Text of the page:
How to Deal with Anxiety at Work
Generalised Anxiety Disorder (GAD) is a general feeling of unease and worry, which can range from mild to severe.
GAD is a long-term mental illness concerning a range of events rather than one specific situation or fear.
This form of anxiety takes hold of an individual most days, and individuals cannot usually remember the last time they felt relaxed.
Anxiety disorders have a range of symptoms that are both mental and physical:
- Constant worry
- A feeling of restlessness
- Trouble concentrating
- Heart palpitations
- Chest pains
- Sweating and flushing
- Stomach aches
- Short tempered or ‘snappy’
Feeling anxious at times is normal and quite healthy, especially in situations such as job interviews, exams, or after a night of too much alcohol.
However, when anxiety takes over your life, such as at work and at home, it might be time to do something about it.
What causes anxiety? The exact mechanics behind mental health are not completely understood, and sometimes it can be totally random. However, studies have found common ground in several factors:
- Genetics inherited from parents
- History of stressful experiences and trauma
- Health conditions
- Drug abuse
- Alcohol abuse
For help understanding anxiety and workplace stress, talk to us today on 0800 088 66 86
Anxiety at work can involve both anxiety about work and in the workplace.
This anxiety concerns feeling tense and stressed about work, such as workplace performance, colleagues (social phobia), speaking, or delegating tasks.
Workplace anxiety is more common than you may think, as the pressures of modern life can quickly become more than you can cope with.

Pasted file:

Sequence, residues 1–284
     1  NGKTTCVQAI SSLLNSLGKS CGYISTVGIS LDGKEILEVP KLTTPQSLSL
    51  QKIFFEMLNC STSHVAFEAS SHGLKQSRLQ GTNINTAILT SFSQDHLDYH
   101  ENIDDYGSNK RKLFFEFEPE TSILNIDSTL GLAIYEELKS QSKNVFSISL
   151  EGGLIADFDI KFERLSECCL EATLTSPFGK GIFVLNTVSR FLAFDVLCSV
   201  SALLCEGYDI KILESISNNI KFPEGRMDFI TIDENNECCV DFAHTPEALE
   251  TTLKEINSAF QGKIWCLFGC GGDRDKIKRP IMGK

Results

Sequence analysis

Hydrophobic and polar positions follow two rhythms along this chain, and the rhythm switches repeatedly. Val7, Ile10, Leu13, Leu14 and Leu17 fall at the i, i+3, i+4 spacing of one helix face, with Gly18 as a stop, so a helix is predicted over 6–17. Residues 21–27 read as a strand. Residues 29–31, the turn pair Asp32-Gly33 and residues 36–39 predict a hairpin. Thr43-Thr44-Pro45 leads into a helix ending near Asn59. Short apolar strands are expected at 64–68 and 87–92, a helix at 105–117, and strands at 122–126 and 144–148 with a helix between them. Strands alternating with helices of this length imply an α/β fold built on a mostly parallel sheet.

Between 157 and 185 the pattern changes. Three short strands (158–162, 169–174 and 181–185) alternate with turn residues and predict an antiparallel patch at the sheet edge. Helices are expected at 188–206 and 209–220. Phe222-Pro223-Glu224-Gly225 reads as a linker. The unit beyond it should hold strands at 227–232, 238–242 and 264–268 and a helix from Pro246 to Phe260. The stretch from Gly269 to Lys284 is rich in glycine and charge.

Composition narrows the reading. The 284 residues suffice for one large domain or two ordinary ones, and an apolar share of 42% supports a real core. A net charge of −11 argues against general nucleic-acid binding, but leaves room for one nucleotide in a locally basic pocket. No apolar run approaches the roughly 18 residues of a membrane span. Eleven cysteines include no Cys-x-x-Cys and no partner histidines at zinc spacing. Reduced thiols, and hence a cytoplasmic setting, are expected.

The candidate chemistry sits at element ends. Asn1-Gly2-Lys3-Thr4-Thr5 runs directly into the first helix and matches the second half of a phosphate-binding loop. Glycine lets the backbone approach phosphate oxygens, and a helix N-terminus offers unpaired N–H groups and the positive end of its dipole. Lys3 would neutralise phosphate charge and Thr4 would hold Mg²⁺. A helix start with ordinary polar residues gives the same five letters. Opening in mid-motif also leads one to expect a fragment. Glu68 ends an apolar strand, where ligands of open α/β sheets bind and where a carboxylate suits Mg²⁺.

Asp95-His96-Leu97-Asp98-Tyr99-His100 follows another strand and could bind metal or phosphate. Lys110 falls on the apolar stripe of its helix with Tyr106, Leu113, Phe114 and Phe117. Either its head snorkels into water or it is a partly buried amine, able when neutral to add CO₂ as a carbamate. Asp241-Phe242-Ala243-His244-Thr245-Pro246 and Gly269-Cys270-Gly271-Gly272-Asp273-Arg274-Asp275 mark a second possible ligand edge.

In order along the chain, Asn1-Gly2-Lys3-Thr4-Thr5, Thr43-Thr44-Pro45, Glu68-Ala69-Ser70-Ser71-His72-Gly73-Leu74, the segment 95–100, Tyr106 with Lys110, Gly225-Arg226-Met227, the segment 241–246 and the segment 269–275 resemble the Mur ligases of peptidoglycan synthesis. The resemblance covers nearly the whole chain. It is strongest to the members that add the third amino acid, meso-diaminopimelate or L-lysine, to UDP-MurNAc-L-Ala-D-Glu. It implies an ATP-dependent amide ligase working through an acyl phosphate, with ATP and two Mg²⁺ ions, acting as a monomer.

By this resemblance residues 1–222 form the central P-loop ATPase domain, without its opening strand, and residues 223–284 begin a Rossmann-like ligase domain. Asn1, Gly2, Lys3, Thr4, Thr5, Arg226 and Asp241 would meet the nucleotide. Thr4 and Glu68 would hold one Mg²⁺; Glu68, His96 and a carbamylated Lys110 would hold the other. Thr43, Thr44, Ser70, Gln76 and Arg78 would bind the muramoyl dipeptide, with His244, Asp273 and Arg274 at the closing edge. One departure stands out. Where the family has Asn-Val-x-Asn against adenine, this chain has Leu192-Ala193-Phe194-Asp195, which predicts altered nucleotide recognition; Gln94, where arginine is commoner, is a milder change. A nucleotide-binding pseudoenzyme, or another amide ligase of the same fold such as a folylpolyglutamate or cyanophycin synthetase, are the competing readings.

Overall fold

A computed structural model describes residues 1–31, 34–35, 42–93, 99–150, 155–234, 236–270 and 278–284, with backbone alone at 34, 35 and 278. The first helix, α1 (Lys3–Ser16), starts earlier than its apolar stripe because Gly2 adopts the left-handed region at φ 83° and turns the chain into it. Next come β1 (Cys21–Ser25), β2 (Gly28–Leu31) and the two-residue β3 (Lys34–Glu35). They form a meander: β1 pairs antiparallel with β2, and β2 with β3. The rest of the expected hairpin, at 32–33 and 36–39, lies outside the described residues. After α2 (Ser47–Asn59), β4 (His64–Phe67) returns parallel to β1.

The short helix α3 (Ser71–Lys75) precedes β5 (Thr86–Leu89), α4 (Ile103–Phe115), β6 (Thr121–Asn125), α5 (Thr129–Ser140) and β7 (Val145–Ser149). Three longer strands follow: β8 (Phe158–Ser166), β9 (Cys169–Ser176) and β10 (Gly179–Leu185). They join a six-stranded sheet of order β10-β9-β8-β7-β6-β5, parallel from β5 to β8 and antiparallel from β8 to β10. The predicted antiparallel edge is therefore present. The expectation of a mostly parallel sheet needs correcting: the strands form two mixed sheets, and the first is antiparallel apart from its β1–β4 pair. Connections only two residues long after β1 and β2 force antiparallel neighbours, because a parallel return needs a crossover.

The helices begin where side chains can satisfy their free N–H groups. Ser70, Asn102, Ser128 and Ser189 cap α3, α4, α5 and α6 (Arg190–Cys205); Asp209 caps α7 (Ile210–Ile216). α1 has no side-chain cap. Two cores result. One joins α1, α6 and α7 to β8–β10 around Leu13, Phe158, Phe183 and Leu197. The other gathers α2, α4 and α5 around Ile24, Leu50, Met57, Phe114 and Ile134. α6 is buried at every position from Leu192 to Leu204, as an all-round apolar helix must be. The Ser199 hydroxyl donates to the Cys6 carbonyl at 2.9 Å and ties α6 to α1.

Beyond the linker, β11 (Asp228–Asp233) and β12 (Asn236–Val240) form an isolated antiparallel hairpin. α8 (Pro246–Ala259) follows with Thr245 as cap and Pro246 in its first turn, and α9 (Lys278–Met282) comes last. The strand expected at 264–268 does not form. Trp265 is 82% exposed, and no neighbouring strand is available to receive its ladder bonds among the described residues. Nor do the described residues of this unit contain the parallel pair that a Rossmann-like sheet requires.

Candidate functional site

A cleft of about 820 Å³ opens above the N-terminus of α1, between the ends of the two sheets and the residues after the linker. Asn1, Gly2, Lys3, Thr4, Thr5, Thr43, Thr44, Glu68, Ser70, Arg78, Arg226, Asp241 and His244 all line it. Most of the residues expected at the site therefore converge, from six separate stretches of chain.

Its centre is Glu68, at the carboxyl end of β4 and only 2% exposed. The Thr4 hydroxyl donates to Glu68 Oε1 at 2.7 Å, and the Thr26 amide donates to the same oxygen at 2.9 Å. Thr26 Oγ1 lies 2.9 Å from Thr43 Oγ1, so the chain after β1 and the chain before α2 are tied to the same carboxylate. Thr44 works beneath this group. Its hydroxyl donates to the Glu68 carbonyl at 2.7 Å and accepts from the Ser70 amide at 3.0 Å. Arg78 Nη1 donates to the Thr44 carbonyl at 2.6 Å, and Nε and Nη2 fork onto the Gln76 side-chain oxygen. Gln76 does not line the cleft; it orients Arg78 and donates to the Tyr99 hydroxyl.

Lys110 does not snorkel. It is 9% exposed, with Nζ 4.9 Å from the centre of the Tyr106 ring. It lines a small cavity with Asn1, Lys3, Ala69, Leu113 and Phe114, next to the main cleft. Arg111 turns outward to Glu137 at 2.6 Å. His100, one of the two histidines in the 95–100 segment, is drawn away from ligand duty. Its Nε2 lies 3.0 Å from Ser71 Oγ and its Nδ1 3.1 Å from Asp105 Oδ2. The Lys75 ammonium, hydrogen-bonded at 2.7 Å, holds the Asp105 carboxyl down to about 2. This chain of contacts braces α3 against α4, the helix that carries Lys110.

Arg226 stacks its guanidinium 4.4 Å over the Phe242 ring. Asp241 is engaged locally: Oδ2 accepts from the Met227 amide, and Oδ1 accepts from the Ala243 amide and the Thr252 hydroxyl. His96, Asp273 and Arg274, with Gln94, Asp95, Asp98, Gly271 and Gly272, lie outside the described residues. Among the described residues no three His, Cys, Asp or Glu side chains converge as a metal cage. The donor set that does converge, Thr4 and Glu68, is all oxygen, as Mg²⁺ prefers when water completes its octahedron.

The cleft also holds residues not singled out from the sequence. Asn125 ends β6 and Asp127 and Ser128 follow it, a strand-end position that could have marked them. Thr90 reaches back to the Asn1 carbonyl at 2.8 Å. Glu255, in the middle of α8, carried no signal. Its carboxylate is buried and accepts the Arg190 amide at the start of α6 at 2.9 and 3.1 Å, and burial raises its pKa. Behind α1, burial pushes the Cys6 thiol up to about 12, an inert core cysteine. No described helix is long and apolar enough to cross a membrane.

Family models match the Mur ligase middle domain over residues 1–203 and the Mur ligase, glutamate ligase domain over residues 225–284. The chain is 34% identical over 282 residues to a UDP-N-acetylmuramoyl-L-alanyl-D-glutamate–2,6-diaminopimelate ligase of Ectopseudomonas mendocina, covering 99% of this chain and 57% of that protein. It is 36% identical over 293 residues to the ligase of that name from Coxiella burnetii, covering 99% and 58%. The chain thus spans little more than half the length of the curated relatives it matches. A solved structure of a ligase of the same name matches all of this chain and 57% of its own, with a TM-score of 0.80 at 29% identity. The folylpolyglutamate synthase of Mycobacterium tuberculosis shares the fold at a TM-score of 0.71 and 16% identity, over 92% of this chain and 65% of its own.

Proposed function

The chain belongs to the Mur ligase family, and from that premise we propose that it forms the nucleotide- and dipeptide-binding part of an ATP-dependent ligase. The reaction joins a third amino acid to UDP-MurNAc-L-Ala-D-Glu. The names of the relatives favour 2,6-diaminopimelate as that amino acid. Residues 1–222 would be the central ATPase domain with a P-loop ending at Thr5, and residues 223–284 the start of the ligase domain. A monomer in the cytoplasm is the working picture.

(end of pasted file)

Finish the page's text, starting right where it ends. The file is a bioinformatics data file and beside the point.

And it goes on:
This can present with both mental and physical symptoms, leaving a negative impact on your career.
Pressure can motivate people to work harder, energising people and making them feel powerful. However, too much pressure will make them burn out, leading to harmful consequences.
In 2021, research found that around 1 in every 40 workers is heavily affected by work-related anxiety or depression
This has meant that people have taken over 18 million workdays off sick due to ill health.
The common worries of workplace anxiety are:
- The commute to work, such as getting there on time or finding your way
- Financial issues with the salary
- Colleague interaction
- Meeting participation and public speaking
- Performance reviews
- Meeting specific deadlines
- Whether you are in the right career for you
This often leads people to:
- Take too long to do things
- Feel overwhelmed by even the smallest of tasks
- Forget important things
- Be unable to concentrate or focus
- Take sick days
- Lose productivity
- Project anxiety into family or social life
- Suffer from physical issues such as headaches and stomach pains
Workplace anxiety can be random, or it can be caused by job-related reasons such as:
- Conflict with other workers and management